Managing Diabetes during Ramadan
Tuesday, June 6, 2017
Fasting during Ramadan is considered to be the most significant spiritual practice, but many diabetic patients might be wondering about the effect of fasting during this holy month. Fakih IVF is here to take care of everything you need to know:
The importance of a Dietitian:
Nutrition therapy plays a vital role in diabetes management, and an individual’s religion and culture should be considered when preparing their diet plan. It is recommended that the diet of a person with diabetes during Ramadan should be comparable with that followed for the rest of the year. However, Ramadan can result in an extra burden of calories. Iftar, the meal taken when the fast is broken at sunset, often turns into a celebration, with huge volumes of food laden with sugar and carbohydrates. Regional variations exist in the timings of meals during Ramadan, and physicians need to understand regional and cultural differences to advise the patient accordingly. Because of the different types of foods traditionally eaten at Iftar by different cultures, a well-trained dietician should be at the center of the diabetes management and follow-up team.
It is true, many people with diabetes can fast safely, but each person is different. Part of the decision you will make with your doctor has to do with the kind of diabetes medicine you take. It is important to schedule an appointment 2-3 months before Ramadan to discuss how fasting might affect your diabetes. Your doctor or healthcare provider may suggest a change in your medication plan. Despite being exempt, many people with diabetes do participate in fasting during Ramadan. It is important that the decision about whether to fast is made on an individual basis in consultation with the patient’s treating physician, taking into account the severity of illness and the level of risk involved. Fasting during Ramadan may provide enduring benefits. Indeed, Ramadan can provide an opportunity for a better lifestyle, facilitating weight loss and smoking cessation. For patients with diabetes who choose to fast, Ramadan may help to strengthen the therapeutic alliance between patient and physician and may provide an opportunity to improve diabetes management, with a focus on self-care and the regulation of medication and meal timing.
What risks should a diabetes patient be aware of?
These are the key risks:
- Low blood glucose (or hypoglycemia) – The risk of blood glucose levels going too low is highest in people taking insulin or certain diabetes pills. Limit physical activity during fasting hours and be more active after sunset. Talk with your healthcare provider to find out if your medicine puts you at risk for low blood glucose and discuss how to prevent it.
- High blood glucose (or hyperglycemia) – While low blood glucose levels may happen during the day after the fast is broken, there is a greater risk to overeat. Watch out for eating too many sweets and keep the portion sizes moderate. Even though Ramadan is known as a time of fasting – it is not uncommon for people to gain weight during this month, as in some families, every evening meal is a celebration.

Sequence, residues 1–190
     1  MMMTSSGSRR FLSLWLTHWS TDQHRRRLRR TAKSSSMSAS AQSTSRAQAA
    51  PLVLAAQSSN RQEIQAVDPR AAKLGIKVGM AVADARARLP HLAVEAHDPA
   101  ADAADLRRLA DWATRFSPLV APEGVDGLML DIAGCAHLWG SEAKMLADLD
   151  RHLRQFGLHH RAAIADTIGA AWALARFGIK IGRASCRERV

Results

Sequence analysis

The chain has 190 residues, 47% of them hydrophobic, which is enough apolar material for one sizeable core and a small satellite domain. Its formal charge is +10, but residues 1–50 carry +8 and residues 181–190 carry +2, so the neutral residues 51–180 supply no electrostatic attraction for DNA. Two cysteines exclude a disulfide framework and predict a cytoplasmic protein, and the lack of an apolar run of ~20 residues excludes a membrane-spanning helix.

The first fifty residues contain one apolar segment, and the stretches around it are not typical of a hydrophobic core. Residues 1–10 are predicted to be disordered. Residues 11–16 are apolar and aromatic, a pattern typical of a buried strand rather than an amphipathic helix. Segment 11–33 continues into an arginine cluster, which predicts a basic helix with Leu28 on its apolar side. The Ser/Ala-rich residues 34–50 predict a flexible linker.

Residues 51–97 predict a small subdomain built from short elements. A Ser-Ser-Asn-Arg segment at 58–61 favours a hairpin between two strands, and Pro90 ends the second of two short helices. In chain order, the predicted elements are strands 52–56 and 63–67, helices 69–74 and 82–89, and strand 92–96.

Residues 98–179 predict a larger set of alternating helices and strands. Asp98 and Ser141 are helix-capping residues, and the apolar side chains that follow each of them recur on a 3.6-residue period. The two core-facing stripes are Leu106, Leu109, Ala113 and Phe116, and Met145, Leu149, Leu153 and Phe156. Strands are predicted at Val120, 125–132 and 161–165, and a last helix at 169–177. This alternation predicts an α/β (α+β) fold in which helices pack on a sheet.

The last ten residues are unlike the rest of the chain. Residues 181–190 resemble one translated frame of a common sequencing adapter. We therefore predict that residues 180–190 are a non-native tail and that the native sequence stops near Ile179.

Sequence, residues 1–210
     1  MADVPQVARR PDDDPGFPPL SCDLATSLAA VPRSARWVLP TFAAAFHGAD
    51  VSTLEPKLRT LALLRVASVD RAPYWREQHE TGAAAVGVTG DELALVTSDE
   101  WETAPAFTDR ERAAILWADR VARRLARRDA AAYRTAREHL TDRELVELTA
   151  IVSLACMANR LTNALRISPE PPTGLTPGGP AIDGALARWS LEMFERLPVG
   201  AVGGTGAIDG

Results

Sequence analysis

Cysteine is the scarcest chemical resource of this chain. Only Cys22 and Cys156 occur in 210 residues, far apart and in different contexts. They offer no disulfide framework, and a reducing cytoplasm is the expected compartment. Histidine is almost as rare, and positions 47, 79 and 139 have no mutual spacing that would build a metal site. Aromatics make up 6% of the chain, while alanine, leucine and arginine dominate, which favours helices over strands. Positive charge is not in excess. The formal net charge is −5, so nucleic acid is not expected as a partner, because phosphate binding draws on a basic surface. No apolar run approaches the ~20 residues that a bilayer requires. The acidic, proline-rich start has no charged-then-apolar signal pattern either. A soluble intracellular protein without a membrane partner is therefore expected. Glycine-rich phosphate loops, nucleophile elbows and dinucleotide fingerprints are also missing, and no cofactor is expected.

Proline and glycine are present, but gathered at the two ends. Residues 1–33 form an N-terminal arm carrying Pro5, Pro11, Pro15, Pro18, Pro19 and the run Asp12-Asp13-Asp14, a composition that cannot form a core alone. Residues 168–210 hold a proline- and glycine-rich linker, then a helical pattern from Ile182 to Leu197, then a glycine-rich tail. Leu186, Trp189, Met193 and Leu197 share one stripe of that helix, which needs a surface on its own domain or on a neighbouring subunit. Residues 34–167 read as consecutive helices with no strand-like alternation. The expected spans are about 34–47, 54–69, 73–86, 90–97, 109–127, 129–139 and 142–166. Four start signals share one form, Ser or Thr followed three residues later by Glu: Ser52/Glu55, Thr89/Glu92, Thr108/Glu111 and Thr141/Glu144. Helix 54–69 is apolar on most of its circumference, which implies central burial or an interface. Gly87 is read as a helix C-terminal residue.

- Dehydration – This is especially a problem during the longer and hotter summer days. Aim to drink sugar-free and caffeine-free drinks frequently throughout the evening and before dawn.
Many people think of stopping their medicine as they feel that it will break their fast but that’s not true. You should continue taking your diabetes medicine but your dose timings should be changed. This is why it is advisable to speak and discuss with your doctor 2-3 months before Ramadan so that you can plan ahead of how your diabetes medicine which may need to change. It is very important to understand for a patient that they must immediately break their fast if hypoglycemia <60 mg/dl [3.3 mmol/l]), occurs since there is no guarantee that their blood glucose will not drop further if they wait or delay treatment. The fast should also be broken if blood glucose reaches <70 mg/dl (3.9 mmol/l) in the first few hours after the start of the fast, especially if insulin, sulfonylurea drugs, or meglitinide are taken at predawn. Finally, the fast should be broken if blood glucose exceeds 300 mg/dl (16.7 mmol/l). Patients should avoid fasting on “sick days.”
- Whole grain cereal, low-fat milk, cottage cheese with sliced peaches topped with toasted almonds
- Plain Greek Yogurt flavored with blueberries and cinnamon, whole wheat toast with nut butter.
- Foul (a hearty Middle Eastern breakfast dish made of lentils or fava beans), small serving of sliced fruit
- Whole wheat roti (unleavened bread) and egg khagina (a southeast Asian dish)
Traditionally the fast is broken (Iftar) after sunset and begins with the eating of dates and drinking water. Limit dates to 1-2 each evening. Drink plenty of water and sugar-free beverages though out the evening, but avoid caffeine beverages as they can be dehydrating.
Follow instructions of your healthcare provider to celebrate Ramadan in a healthier way and don’t forget to exercise as it reduces the glucose level of your body.
“Spread Sweetness this Ramadan by avoiding Sweets”